Chau Chak Wing Museum

Located at University Pl, Camperdown NSW 2006, the Chau Chak Wing Museum is a newer addition to the University’s collections. The museum’s design is airy and modern, and the interior is full of galleries that are laid out around an internal void. The collection is diverse, including ancient cultures, art, science, and technology. The museum also features hands-on activities, such as a floor talk on termites.

The University’s museum is a vital cultural hub, serving as a place for education and collaboration. It houses a wide range of collections, from ancient Egyptian artifacts to 19th century Australian art. In addition, the museum has a state-of-the-art conservation facility. It’s also a great place to take the kids. There are free floor talks on bees and palaeoenvironmental reconstruction, as well as free activities for National Science Week. The museum also hosts several ongoing exhibitions on Aboriginal Australia and 19th- and 20th-century Australian art.

The museum was inspired by a vision by Walter Burley Griffin, the former vice-chancellor of the University. Griffin was responsible for expanding the University’s Camperdown campus and was an influential figure in the creation of the Chau Chak Wing Museum. The project was supported by the Ian Potter Foundation, which donated $5 million. This money helped fund the construction of the museum, which was built to showcase the University’s rich historical collections. The collection spans millenniums, with objects ranging from ancient Egyptian mummies to the largest Lego historical model ever built. The museum also features the Nicholson Collection, Australia’s largest collection of archeology and antiquities. Visit This Website.

The museum’s collection is divided into several categories, including Ancient China, Ancient Egypt, taxidermied animals, and Pompeii. The museum also features the Macleay Collection, named after Alexander Macleay, who collected insects in the late 18th century. The collection has grown since the museum’s founding. The collection is a significant part of the University’s collection and is continually growing.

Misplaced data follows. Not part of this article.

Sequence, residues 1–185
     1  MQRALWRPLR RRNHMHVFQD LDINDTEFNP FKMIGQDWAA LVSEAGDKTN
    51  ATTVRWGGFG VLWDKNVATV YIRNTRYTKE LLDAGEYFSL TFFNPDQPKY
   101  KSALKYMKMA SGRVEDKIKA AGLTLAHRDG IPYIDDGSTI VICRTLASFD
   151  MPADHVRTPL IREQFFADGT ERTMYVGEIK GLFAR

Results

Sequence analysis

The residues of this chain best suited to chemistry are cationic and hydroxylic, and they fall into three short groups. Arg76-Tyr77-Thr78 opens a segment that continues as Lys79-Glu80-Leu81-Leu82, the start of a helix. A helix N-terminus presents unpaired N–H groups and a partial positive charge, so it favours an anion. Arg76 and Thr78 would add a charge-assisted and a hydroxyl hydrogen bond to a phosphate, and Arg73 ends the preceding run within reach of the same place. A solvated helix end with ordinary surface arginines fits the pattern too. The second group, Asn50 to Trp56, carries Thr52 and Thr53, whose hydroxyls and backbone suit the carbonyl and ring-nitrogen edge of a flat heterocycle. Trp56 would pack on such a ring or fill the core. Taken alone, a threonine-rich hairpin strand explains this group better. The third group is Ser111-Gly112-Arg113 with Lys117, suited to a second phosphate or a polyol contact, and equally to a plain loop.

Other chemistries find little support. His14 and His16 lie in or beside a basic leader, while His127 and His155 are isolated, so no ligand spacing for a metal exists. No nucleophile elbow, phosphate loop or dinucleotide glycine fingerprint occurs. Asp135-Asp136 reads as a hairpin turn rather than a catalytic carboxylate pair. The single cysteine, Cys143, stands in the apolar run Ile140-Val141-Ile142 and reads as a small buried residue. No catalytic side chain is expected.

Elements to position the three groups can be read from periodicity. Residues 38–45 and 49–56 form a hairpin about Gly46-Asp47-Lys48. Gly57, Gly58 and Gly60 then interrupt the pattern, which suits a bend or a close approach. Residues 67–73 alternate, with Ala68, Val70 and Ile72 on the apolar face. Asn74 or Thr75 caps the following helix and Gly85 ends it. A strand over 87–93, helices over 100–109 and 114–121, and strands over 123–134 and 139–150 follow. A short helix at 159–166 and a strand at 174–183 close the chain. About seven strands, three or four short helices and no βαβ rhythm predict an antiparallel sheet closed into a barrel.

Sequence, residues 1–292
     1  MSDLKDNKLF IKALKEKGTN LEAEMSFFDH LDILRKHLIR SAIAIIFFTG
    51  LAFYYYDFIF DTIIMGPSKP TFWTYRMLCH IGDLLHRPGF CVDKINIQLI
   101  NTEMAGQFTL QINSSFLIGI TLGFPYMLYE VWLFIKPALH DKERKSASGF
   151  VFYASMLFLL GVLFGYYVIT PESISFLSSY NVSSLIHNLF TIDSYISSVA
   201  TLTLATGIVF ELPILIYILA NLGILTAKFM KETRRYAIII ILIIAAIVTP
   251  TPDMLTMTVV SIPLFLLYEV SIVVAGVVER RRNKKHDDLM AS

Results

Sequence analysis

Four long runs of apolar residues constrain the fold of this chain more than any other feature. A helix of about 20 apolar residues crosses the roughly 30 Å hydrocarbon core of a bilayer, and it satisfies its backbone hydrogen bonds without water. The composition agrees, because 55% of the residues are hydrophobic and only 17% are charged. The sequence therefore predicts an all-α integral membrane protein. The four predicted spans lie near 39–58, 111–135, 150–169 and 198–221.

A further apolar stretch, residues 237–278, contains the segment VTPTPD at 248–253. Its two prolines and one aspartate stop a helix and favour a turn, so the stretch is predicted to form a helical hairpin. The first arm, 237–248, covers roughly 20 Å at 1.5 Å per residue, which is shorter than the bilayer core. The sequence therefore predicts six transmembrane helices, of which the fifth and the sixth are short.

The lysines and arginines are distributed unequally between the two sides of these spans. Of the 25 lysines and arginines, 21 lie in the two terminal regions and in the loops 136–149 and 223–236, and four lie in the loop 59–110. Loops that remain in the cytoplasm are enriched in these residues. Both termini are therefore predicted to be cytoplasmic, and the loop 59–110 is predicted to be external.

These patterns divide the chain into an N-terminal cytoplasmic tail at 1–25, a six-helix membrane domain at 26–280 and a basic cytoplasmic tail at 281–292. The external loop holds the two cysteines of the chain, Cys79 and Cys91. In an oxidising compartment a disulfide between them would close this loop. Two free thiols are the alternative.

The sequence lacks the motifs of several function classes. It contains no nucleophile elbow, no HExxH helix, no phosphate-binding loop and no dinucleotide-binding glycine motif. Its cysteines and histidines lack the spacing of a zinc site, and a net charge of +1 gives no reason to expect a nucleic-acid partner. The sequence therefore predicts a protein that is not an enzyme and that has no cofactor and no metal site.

The museum has free entry for children under four, and a concession price of $15 for adults. The museum is open 10am-9pm Monday through Thursday, and 12-4pm on Saturdays. In addition to the permanent collection, the museum also has a number of temporary exhibitions. The current exhibition, “Coastline,” features art, history, and science based on the coast of Australia. The exhibit also includes an auditorium, a state-of-the-art conservatory, and research and study areas. The exhibit is free to enter, and admission is also free for children under 15.

The museum’s collection is also complemented by the University Art Collection, which features over 7,000 pieces. The gallery has an underlying modernist design that combines art from different eras. In addition, the museum has a cafe open during museum hours, which focuses on Australian and indigenous wares. The museum also has free floor talks on termites and palaeoenvironmental reconstruction.

The museum also has a number of permanent exhibitions, including a collection of archaeological artifacts from Egypt and other ancient cultures. There are also numerous temporary exhibitions that explore the arts of the 19th and 20th centuries.

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